The jewelry industry can be cyclical. During economic downturns, demand for jewelry products and for jewelers tends to decrease. However, demand for repair workers should remain strong even during economic slowdowns, because maintaining and repairing jewelry is an ongoing process. In fact, demand for jewelry repair may increase during recessions, as people repair or restore existing pieces rather than purchase new ones. Also, many nontraditional vendors typically do not offer repair services.

Within manufacturing, increasing automation will adversely affect employment of low-skilled occupations, such as assemblers and polishers. Automation will have a lesser impact on more creative, highly skilled positions, such as moldmakers and modelmakers. Furthermore, small manufacturers, which typify the industry, will have an increasingly difficult time competing with the larger manufacturers when it comes to supplying large retailers.

Because of recent international trade agreements, exports are increasing modestly as manufacturers become more competitive in foreign markets. However, imports from foreign manufacturers are increasing more rapidly than exports, due to these same agreements. Imports compete mainly with mass-produced jewelry. Therefore, employment in luxury and custom jewelry manufacturing is least susceptible to decline caused by import competition.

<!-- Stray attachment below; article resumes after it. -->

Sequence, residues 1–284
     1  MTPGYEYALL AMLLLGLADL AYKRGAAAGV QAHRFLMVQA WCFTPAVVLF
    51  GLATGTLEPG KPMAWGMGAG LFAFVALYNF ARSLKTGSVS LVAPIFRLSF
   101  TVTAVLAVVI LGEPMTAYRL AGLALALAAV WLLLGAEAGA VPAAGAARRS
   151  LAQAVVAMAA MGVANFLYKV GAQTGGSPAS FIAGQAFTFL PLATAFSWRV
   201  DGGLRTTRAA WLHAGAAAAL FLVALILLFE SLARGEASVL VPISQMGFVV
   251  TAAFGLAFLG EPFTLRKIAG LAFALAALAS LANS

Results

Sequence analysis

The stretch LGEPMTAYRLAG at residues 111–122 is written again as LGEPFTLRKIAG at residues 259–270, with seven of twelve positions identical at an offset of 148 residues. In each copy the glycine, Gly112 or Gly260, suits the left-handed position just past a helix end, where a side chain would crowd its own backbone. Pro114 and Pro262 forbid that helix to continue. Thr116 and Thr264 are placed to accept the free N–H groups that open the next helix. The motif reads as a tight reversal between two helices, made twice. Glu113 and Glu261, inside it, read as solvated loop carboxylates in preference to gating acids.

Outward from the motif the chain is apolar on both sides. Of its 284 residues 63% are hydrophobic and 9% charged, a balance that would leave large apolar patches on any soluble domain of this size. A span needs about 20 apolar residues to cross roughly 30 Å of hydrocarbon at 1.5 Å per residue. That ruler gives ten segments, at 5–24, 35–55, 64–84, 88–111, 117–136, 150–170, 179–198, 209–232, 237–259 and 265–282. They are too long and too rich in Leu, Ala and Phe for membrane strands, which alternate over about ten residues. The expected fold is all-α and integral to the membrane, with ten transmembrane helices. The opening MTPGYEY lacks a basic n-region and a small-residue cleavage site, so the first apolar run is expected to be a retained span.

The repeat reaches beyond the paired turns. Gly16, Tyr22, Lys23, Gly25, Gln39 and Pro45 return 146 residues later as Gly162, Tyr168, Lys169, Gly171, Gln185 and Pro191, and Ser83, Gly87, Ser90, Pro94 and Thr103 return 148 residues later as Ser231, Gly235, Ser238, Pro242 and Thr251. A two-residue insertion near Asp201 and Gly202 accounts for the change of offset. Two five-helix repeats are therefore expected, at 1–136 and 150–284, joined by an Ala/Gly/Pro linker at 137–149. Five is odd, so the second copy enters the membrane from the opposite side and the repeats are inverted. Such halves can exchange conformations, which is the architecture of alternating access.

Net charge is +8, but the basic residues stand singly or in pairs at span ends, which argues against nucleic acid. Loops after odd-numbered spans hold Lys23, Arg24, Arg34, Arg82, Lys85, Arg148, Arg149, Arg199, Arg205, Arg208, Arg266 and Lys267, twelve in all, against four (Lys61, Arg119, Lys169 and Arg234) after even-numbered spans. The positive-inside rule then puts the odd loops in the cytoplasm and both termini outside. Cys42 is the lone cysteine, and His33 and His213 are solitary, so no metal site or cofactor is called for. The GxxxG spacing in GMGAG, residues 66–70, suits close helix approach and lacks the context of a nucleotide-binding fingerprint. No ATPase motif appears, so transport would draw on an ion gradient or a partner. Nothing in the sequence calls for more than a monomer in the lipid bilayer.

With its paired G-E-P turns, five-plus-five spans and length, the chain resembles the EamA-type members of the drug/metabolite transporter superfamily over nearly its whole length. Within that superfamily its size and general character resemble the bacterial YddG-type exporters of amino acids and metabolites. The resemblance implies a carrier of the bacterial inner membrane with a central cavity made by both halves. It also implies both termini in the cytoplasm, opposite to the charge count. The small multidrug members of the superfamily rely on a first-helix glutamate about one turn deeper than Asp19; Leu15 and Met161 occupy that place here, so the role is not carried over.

Median annual earnings for jewelers and precious stone and metal workers were $27,400 in May 2004. The middle 50 percent earned between $20,510 and $37,280. The lowest 10 percent earned less than $16,040, and the highest 10 percent earned more than $49,020. In May 2004, median annual earnings in the industries employing the largest numbers of jewelers and precious stone and metal workers were $30,530 in jewelry, luggage, and leather goods stores and $23,590 in other miscellaneous manufacturing.